Detergents are cleaning agents, commonly made from synthetic resources such as petroleum fraction, hydrocarbon or coal. Detergents are sodium salts of sulphonic acids and they were developed during the Second World War due to the shortage of vegetable oils and animal fats. Detergent is a class of surfactant, which reduces the surface tension of the water to make it much harder to bind with water and more likely to contact grease and oil.
(i) Cationic detergents
Cationic detergents are quaternary ammonium salts of chlorides, bromides or acetates. A cationic component of these detergents consists of a long hydrocarbon chain and the nitrogen atom has a positive charge in it.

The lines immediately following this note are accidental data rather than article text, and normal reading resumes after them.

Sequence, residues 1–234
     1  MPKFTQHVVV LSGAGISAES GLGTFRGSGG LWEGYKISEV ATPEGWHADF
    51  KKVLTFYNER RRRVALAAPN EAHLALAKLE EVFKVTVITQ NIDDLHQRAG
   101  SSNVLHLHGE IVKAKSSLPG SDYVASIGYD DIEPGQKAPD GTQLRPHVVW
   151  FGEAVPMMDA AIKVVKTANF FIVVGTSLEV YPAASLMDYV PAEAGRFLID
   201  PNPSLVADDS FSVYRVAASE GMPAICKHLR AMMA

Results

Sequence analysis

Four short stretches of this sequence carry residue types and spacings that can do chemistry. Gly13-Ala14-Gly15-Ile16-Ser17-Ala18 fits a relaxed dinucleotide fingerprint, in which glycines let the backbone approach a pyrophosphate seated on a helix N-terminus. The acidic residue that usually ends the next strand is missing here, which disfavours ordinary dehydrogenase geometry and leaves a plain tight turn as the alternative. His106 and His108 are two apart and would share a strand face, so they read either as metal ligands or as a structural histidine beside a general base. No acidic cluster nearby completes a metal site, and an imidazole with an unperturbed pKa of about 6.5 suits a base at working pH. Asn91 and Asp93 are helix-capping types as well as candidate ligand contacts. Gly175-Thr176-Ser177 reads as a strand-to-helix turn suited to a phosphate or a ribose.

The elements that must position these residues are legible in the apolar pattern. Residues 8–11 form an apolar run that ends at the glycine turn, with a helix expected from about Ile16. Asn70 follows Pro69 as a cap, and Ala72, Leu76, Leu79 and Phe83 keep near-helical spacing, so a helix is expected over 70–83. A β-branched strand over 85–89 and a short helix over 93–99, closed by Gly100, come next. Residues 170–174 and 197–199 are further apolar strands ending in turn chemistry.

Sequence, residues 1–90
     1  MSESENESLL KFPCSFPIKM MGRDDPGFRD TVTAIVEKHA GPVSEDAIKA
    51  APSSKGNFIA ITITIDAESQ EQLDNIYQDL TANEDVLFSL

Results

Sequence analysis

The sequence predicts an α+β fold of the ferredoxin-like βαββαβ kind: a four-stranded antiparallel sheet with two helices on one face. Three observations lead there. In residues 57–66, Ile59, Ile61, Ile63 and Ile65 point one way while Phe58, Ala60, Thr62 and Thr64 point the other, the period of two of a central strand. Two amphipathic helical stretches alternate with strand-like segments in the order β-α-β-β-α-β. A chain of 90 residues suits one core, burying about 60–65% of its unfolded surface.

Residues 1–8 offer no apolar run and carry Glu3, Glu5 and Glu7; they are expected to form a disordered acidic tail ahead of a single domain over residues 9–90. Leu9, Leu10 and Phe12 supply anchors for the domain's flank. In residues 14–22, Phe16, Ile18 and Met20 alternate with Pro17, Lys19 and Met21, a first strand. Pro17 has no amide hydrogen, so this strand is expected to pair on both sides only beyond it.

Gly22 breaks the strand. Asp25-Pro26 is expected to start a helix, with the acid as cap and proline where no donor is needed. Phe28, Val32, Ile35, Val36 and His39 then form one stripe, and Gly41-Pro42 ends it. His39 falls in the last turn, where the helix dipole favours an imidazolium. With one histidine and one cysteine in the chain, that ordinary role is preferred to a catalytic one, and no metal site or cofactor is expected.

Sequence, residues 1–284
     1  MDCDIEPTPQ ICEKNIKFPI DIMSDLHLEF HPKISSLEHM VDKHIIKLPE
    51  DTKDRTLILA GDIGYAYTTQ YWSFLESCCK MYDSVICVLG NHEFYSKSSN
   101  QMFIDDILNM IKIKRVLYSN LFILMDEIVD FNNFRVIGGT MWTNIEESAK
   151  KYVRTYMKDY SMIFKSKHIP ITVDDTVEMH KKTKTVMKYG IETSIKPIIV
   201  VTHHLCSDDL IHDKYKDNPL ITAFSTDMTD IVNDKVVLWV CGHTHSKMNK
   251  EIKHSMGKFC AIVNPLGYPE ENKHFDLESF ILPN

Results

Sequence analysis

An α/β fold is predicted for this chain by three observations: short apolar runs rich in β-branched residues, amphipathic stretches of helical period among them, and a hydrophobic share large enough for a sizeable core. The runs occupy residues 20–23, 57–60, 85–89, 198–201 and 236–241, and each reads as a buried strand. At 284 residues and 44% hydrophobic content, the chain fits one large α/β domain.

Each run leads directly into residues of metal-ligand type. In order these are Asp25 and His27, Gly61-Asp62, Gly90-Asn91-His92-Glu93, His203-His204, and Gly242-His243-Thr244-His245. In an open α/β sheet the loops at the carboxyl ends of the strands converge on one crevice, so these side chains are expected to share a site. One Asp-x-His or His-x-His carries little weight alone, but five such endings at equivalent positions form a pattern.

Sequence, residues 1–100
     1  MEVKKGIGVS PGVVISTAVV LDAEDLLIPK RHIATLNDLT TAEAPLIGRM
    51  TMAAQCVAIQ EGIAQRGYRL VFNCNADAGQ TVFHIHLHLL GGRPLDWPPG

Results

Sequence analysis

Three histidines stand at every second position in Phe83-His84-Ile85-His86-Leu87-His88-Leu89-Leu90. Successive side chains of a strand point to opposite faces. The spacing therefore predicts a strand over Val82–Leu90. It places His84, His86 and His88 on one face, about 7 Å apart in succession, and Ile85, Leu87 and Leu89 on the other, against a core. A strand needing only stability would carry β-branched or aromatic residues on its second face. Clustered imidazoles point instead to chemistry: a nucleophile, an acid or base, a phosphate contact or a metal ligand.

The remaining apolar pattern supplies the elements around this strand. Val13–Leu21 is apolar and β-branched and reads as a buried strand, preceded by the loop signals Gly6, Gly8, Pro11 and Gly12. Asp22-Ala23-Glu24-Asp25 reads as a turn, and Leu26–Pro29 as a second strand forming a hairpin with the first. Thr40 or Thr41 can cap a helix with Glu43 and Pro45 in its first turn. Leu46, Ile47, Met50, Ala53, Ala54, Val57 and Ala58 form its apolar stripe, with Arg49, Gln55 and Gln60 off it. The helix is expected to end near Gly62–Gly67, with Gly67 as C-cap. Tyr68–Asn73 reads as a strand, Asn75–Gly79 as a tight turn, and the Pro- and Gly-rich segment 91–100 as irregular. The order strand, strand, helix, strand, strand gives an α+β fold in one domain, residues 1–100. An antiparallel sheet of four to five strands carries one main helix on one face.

Examples: Cetyltrimethylammonium bromide is a popular cationic detergent and is used in hair conditioners.
(ii) Anionic detergents – Anionic detergent is a synthetic detergent in which a lipophilic hydrocarbon group of the molecule is an anion. A detergent molecule consists of a long hydrocarbon chain and a water-soluble negative ionic group i.e sodium salts of the long-chain sulfonated alcohols or hydrocarbons.
Example: Sodium alkyl sulphates and Sodium alkyl benzene sulphonates.
(iii) Non-ionic detergents: They have no ions. They’re esters of high molecular mass alcohols.
Example: Can be prepared by the reaction between stearic acid and polyethylene glycol.